Directly from my notes of Skills 3 class – Day 31 at The Culinary Institute Of America:
Braise: A cooking method in which the main item – usually meat, is seared in fat, then simmered in a stock or other liquid (approximately 2/3rds of the way) , then cooked slowly in a covered pot. The cooking liquid is then reduced and used as a base for a sauce.
Stew: A cooking method almost exactly a braising. However, smaller pieces of meat are used which allow for shorter cooking times. Stewed items may also be blanched instead of seared, to give the finished product a pale color. (such as blanquette or fricassee)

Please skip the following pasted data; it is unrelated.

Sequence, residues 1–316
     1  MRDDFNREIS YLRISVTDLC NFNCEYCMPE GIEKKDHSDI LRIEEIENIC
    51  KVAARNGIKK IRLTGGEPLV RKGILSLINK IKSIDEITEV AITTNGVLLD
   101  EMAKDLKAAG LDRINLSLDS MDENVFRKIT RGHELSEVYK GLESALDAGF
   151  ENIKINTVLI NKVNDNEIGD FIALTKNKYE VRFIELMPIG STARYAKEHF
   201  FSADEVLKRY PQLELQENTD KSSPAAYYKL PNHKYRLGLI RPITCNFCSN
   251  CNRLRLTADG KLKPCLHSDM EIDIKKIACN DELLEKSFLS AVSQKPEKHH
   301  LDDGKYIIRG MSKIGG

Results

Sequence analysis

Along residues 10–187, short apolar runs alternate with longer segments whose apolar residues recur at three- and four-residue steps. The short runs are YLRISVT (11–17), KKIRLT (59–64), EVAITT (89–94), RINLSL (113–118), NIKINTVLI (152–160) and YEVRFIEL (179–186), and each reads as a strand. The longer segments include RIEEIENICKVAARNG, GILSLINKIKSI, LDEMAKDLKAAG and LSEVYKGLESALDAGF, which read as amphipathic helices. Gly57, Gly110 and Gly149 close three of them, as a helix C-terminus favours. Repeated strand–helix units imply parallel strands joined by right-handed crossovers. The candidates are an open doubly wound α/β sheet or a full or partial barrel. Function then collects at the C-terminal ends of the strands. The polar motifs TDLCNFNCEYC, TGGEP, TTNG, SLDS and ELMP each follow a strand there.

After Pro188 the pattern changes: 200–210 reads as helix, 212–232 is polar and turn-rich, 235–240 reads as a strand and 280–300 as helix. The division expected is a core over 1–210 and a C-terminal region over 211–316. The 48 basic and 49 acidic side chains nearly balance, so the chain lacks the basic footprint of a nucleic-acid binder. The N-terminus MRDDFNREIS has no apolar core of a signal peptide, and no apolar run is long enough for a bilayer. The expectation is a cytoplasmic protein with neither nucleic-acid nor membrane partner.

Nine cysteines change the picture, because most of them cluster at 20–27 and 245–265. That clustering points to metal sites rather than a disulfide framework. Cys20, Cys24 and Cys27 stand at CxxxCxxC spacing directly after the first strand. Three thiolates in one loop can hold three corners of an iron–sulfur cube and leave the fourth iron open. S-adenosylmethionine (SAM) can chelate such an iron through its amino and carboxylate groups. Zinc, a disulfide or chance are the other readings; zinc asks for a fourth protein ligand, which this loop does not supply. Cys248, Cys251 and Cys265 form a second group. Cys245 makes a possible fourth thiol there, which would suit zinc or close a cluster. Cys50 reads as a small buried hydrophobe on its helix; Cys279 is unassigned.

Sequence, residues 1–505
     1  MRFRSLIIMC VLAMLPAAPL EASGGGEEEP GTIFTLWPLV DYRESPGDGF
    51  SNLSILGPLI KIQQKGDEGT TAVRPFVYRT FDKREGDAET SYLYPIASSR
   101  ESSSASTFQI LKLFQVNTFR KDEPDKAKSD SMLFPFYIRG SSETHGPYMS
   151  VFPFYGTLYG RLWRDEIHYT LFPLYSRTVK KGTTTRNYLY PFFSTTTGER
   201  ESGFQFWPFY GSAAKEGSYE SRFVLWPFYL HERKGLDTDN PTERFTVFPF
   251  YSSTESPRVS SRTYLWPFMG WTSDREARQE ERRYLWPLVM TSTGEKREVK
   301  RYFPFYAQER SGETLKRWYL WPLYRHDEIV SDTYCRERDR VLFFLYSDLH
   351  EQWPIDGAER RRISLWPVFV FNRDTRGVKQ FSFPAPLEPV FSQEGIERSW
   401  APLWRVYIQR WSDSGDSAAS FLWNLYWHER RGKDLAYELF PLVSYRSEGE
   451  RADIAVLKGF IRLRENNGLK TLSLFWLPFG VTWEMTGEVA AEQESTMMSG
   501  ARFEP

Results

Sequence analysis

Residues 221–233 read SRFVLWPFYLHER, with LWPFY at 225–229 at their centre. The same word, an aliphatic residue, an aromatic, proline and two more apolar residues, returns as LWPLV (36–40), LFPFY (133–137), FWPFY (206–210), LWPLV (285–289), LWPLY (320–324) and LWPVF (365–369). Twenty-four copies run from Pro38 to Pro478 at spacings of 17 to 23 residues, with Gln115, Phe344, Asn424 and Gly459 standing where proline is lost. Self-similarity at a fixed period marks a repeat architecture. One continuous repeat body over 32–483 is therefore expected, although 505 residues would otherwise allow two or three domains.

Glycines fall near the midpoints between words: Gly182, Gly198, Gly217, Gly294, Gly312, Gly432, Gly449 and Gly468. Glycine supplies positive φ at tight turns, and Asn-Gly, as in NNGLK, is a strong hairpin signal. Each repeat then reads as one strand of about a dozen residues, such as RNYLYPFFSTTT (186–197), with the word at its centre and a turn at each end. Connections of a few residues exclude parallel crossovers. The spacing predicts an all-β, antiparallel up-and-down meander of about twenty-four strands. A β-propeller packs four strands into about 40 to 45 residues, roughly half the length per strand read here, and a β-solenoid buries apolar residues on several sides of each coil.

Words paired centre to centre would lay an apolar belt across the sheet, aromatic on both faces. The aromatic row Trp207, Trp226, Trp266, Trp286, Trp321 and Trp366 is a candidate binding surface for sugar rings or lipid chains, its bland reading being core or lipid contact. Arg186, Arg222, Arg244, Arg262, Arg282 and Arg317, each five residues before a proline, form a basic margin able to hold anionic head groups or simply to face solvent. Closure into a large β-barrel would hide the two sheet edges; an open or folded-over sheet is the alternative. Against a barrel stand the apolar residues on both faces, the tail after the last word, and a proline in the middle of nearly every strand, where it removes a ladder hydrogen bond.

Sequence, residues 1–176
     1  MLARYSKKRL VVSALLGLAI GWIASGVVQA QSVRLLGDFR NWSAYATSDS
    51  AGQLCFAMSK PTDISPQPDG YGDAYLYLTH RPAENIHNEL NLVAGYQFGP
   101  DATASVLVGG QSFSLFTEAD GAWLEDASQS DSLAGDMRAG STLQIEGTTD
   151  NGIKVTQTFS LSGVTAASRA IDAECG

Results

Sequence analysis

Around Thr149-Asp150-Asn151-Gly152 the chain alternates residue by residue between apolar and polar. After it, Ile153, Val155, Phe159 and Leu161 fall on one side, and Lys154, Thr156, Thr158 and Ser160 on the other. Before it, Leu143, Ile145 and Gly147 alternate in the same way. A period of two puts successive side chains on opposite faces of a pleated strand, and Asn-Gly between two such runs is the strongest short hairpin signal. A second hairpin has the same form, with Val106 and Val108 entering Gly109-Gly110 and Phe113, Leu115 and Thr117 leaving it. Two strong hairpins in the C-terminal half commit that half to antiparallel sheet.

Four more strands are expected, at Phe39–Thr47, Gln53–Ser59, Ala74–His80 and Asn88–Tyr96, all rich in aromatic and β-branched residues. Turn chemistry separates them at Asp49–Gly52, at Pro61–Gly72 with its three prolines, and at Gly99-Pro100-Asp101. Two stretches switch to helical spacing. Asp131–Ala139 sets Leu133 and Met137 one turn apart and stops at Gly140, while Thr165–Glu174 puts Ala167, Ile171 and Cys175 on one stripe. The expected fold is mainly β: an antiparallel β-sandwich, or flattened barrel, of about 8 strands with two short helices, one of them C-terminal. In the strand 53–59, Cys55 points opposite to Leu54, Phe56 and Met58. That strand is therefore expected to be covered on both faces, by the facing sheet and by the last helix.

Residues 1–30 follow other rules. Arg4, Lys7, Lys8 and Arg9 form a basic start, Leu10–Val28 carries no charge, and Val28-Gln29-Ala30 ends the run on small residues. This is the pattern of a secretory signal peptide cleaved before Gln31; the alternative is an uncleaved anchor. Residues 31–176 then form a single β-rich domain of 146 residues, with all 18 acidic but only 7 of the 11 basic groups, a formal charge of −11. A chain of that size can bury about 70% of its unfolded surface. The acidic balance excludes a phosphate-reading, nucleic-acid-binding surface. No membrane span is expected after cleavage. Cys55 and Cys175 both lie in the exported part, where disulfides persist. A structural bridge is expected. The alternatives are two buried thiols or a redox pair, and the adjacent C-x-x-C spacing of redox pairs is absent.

The key thing to remember here, is that they both use “combination cooking” which means they use dry heat and moist heat to cook the item and you cook them LOW and SLOW. This allows you to use inexpensive cuts of meat and really breakdown the tough connective tissue. Another important tip, is that when a recipe says “cook until fork tender” – it literally means: tender to the touch of a fork (not a knife) A knife will pierce most anything, but the true test of doneness is with the blunt edges of a fork.
This beef and barley stew is so “stick to your ribs” good! It’s a very classic preparation and the result is so worth it.
It freezes well too! If you make it, please take a photo and tag me on social media!